Review: Lord Bredon and the Bachelor’s Bible (The House of Lovell #2) by Mia Marlowe

Print Length:  pages
Publisher: Lyrical Press (April 30, 2019)

From  With the dowries of all the season’s debutantes exposed in its scandalous pages, The Bachelor’s Bible is a handy tool for an earl in need of an heiress . . .

Edward Lovell, newly minted earl, bears a weighty responsibility: to restore his family’s estate to its former grandeur. The task requires not simply a wife, but a wealthy one. Thanks to The Bachelor’s Bible, he already has a particular lady in mind. He has only to convince her sponsor that he will make a suitable husband. There’s just one complication: the sponsor is none other than the only woman he’s ever loved—and inexplicably lost. Now a young widow, Lady Anne Howard is more beautiful than ever . . .

Anne is not about to be taken for a fool a second time. When they last met, Edward was Lord Bredon, the man she adored—the man who destroyed her dreams of a happy future. Now he is pursuing the hand of the young lady Anne must keep safe from unscrupulous suitors. But who will protect Anne from the earl who still possesses her heart?. . .

My Rating: 3 stars out of 5

I remember the first book in this series, well to be more accurate I remember the characters. This story, like its predecessor doesn't really stand out from the other novels of this genre. In fact, I quite enjoyed the side story of Miss Finch and her potential romance than I did the one between Edward and Anne. 

In what I'm starting to think of as the "typical historical romance" trope, Edward and Anne loved each other deeply when they were younger, but Edward was more or less coerced by his father to embark on his grand tour, leaving Anne behind. Anne gets married, becomes widowed, and now has to deal with her bully of a stepson and his waspish wife. Trying to branch out on her own, she agrees to sponsor Miss Finch, in exchange for a substantial payment provided her charge makes a good match.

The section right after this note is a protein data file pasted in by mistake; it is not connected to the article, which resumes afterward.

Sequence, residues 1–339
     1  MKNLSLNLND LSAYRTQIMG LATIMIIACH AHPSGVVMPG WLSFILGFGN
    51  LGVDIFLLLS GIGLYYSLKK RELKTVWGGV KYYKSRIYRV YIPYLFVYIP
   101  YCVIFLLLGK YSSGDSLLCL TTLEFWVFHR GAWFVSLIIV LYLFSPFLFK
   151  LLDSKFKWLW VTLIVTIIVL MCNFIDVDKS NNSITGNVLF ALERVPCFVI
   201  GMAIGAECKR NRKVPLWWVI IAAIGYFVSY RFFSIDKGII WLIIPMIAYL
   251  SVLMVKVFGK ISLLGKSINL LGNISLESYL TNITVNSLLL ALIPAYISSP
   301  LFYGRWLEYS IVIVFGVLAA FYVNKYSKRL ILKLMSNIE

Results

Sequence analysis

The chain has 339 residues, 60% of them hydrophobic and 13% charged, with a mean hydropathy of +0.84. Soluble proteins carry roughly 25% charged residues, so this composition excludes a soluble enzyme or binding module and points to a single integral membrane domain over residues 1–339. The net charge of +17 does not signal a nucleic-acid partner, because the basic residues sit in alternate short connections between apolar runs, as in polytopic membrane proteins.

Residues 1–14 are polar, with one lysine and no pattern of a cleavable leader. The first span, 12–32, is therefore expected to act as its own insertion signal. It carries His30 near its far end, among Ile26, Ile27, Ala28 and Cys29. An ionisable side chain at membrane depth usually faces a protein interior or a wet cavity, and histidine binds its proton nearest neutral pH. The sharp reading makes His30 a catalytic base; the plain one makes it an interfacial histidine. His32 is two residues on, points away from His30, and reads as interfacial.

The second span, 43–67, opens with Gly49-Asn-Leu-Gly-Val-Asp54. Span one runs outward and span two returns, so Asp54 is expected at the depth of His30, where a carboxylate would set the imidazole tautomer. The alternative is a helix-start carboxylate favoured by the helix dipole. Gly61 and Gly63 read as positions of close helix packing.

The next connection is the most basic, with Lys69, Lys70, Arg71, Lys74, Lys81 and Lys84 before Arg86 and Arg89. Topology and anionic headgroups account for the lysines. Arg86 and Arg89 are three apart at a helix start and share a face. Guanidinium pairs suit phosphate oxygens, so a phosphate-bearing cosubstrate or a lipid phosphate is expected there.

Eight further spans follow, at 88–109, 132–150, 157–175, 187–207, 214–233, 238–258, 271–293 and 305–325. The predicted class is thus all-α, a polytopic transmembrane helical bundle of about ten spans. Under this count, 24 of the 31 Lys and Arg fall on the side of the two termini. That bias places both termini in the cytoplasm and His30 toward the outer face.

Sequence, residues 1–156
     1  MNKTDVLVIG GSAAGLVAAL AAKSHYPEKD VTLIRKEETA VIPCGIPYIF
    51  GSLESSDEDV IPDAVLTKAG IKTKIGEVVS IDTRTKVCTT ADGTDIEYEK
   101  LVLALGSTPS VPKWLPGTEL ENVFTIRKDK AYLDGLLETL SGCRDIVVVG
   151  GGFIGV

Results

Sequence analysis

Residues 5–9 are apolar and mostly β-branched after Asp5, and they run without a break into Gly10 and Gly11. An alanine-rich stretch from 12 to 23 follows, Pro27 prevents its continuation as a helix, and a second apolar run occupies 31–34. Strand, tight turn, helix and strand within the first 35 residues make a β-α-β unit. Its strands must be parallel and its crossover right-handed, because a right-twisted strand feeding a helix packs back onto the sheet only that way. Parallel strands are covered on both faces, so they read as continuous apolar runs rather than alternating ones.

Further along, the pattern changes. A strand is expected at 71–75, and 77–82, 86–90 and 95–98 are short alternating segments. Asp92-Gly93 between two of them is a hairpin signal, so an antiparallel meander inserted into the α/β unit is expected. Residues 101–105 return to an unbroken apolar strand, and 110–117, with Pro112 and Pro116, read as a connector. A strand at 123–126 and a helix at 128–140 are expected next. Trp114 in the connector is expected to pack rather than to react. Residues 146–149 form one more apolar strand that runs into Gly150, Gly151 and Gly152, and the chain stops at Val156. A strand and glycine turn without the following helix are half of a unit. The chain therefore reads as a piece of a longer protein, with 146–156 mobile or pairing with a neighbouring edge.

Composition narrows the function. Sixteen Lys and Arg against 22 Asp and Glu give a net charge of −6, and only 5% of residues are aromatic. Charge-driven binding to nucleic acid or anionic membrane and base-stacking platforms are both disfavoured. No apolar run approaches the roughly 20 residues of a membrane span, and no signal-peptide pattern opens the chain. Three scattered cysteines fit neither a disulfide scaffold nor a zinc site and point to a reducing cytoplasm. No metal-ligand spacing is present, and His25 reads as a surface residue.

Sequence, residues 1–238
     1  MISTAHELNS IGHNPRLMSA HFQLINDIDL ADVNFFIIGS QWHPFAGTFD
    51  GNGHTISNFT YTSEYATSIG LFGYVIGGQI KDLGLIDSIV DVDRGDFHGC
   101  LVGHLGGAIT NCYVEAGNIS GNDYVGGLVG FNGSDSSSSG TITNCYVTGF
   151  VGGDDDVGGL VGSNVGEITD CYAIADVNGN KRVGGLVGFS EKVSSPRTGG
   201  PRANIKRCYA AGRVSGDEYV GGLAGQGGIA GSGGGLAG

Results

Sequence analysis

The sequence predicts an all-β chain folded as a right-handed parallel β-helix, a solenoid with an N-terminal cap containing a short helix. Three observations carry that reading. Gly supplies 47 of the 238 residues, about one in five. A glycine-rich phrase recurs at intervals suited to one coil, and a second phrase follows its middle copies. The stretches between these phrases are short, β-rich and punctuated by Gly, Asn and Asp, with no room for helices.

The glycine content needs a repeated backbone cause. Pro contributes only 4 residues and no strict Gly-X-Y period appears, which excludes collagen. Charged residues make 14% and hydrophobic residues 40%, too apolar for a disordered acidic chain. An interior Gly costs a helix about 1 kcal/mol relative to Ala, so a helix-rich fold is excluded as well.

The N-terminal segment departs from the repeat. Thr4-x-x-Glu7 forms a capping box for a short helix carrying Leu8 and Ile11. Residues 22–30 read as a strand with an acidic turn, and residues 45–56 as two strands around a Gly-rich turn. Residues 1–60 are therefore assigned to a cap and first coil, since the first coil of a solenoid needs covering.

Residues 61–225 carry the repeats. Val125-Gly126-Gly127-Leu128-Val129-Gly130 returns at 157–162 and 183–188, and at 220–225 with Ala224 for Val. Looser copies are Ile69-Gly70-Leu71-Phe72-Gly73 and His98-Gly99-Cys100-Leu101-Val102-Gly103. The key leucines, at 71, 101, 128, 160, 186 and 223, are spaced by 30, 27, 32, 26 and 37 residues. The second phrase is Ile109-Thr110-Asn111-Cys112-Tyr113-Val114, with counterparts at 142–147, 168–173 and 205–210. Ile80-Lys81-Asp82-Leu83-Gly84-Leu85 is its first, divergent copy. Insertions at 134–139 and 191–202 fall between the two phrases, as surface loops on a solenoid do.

Fast forward to "now" and Edward is in need of funds to keep his estate afloat. The kind of funds that are only accessible by marrying a woman with a substantial dowry. Unfortunately, he's still in love with Anne (who despite telling him she cannot marry him least he grow to resent her is all too happy to throw propriety to the wind and allow him liberties). The rest of the book muddles along well enough, there are a few interesting things that happen (such as I stated above Miss Finch and her potential romance). 

Towards the end of the novel, a new side story pops up, having to do with murder and mayhem and to be honest, if this theme had been present from the beginning in larger detail? I feel this book would have been much more interesting. 

Overall, I do believe this novel will appeal to fans of historical romance. I would read more from this author.

DISCLAIMER: I received a complimentary copy of this novel in exchange for my honest review. This has not affected my review in any way. All thoughts and opinions expressed in this review are 100% my own.

                 Lord Bredon and the Bachelor’s Bible is available from

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